Many people with
chronic hepatitis B (CHB) virus infection have infrequent medical monitoring,
according to US research published in the online edition of Clinical Infectious Diseases. Analysis
of the records of over 2000 people followed for an average of six years
showed that a quarter did not have an annual assessment of a key marker of
liver function, only a third had yearly measurement of hepatitis B virus (HBV) DNA,
and that 11% of people with cirrhosis had never had a liver ultrasound. Only
32% of people were prescribed HBV therapy and 44% of those with cirrhosis
were not under treatment.
“We found that CHB
patients had suboptimal clinical monitoring and, accordingly, insufficient data
to determine disease phase and antiviral treatment eligibility,” comment the
850,000 individuals are living with CHB in the United States.
The infection has four phases that depend primarily on alanine aminotransferase
(ALT) level and HBV DNA levels. It is therefore essential that individuals have
these markers frequently assessed to guide decisions about treatment and care.
However, little is
known about the frequency with which people with CHB
infection in the US have the appropriate laboratory tests.
the Chronic Hepatitis Cohort Study (CHeCS) therefore examined data collected
from 2338 people between 2006 and 2013 to determine the frequency with which
individuals were monitored for disease activity and progression.
at four sites across the US. Data collected included patient demographics, type
of healthcare provider, laboratory and imaging results, cirrhosis status and
use of HBV therapy.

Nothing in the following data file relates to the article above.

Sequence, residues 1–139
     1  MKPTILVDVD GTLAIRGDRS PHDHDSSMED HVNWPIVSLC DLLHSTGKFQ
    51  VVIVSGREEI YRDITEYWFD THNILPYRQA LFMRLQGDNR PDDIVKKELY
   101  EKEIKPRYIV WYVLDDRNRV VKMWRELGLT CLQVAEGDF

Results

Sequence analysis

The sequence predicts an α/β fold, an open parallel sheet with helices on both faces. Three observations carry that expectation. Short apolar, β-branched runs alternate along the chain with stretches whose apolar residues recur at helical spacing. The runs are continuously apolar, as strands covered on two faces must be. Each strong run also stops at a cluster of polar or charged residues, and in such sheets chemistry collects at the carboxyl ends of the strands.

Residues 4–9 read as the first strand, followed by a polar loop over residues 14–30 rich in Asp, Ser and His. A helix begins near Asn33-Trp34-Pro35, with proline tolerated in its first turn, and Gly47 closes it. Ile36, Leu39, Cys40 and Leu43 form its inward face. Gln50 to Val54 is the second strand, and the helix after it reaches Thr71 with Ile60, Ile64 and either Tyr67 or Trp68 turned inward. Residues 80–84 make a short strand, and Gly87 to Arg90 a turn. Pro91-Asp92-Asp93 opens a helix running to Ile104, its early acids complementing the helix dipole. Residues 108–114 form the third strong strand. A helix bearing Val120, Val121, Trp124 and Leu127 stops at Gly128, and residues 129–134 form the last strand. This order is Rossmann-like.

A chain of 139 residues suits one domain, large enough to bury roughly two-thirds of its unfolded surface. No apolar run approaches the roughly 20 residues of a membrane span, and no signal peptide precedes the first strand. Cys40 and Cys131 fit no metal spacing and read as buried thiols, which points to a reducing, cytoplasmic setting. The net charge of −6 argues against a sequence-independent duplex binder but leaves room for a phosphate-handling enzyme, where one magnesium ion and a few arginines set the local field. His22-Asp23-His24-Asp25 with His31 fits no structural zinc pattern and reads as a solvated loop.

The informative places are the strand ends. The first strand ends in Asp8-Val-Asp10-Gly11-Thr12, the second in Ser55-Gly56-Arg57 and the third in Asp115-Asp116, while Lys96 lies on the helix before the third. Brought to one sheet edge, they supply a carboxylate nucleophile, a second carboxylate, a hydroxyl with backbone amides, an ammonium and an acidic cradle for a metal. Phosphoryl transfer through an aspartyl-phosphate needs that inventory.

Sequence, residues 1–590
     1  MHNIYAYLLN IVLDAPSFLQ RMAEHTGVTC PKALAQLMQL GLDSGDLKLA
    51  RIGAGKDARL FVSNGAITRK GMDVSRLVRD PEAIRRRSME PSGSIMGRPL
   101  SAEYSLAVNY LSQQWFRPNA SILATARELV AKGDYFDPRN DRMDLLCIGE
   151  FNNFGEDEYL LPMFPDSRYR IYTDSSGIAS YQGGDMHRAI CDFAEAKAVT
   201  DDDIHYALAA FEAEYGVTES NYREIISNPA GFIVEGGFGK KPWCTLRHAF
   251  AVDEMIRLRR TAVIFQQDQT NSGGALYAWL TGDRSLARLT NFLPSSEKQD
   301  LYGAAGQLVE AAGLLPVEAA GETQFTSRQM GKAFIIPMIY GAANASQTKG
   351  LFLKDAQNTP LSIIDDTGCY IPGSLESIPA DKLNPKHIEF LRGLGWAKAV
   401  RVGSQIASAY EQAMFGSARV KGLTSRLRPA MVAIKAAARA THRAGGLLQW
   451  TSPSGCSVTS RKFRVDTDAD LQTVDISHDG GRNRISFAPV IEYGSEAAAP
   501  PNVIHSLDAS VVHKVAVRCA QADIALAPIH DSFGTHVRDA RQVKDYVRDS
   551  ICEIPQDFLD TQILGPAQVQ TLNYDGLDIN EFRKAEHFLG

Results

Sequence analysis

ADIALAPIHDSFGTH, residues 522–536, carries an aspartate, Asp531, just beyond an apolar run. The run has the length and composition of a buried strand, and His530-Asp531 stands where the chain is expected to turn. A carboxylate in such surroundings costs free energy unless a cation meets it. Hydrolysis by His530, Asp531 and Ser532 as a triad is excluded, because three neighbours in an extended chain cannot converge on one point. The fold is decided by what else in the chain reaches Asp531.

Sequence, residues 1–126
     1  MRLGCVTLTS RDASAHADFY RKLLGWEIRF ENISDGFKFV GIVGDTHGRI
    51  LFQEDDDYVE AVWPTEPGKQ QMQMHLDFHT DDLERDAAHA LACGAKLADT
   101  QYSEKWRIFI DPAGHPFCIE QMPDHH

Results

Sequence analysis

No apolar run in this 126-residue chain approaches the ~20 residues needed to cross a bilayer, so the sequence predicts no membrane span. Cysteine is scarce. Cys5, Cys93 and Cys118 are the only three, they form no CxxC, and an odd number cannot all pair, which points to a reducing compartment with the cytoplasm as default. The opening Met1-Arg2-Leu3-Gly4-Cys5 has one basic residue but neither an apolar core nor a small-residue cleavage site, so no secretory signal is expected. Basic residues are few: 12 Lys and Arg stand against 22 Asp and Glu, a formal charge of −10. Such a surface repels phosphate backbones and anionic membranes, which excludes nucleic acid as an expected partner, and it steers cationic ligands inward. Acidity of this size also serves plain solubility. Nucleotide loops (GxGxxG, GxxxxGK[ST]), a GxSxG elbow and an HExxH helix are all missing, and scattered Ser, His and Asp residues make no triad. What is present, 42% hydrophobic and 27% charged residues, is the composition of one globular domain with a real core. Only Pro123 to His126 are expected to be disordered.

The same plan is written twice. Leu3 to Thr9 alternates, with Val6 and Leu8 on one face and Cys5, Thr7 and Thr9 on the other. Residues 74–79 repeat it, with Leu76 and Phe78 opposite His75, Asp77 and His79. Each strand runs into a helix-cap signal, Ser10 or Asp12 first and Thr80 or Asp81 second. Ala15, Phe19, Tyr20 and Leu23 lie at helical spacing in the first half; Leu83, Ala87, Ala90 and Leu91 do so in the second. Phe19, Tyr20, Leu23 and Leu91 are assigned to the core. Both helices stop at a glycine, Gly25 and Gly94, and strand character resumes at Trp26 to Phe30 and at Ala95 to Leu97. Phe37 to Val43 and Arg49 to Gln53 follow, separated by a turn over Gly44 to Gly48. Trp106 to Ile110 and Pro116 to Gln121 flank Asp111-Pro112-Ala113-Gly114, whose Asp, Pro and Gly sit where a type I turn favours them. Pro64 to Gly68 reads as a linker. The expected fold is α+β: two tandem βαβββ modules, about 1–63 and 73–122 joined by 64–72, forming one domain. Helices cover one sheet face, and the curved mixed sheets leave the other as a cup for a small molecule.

People with HIV,
hepatitis C, or hepatitis D were excluded.
The median duration
of follow-up was 6.3 years and a total of 14,000 patient-years of follow-up
were available for analysis.
people were aged between 30 and 59 years, half were male, 67% were of Asian or
Pacific Island descent, three-quarters had private health insurance, 72% had
received specialist liver-related care and 68% had never received HBV
(78%) had at least one ALT assessment annually. People were more likely to
have this test if they were aged 60 or over (91%), male (85%), white (82%),
were prescribed treatment (92%) and received specialist liver-related care
Just over a third
of individuals (37%) had annual HBV DNA monitoring and 18% had never had an HBV
DNA assessment. Factors associated with HBV DNA testing were similar to those
associated with annual ALT monitoring.
Analysis of the
subset of people with elevated ALT results showed that 57% subsequently had
an HBV DNA test.
A quarter of individuals were classified as having liver cirrhosis. Just over half (54%) had
annual HBV DNA monitoring but 11% had never had this type of test. As regarding
liver imaging, 53% had ever had a liver ultrasound, but only 27% of these
individuals had this assessment annually. Just 14% of people with cirrhosis
had an annual liver ultrasound.
Overall, 32% of
people were prescribed HBV therapy. Analysis of these individuals showed that
41% had cirrhosis, and 62% elevated ALT and HBV DNA before treatment
initiation. Of the 547 people with cirrhosis, only 56% were prescribed HBV
“We found that
patients in our cohort were insufficiently monitored for disease status, and
among those with cirrhosis, for HCC [hepatocellular
carcinoma] and viremia,” conclude the investigators. “As antiviral therapy for
CHB now includes potent and highly efficacious oral agents that have few
contraindications and minimal side effects, as well as a high barrier to
resistance, clinicians should be vigilant for opportunities to decrease the
likelihood of poor clinical outcomes.”
The author of an
accompanying editorial said the study’s finding were “important”. However, the
author notes that approximately a third of people with chronic HBV are
undiagnosed and that the paper did not address how screening for the infection
was incorporated into care at the study sites. A further unanswered question is
the proportion of people eligible for treatment who received therapy.
stresses that the cascade of HBV care can only be improved with better
screening and initial assessment for disease stage.
“We providers have
a large task ahead to find, diagnose and link to care those with chronic
hepatitis B,” concludes the author. “Regular monitoring of clinical and
laboratory parameters to provide antiviral treatment when indicated, as well as
surveillance for those at risk of HCC can decrease the risk of those dying
prematurely for liver cancer and liver failure.”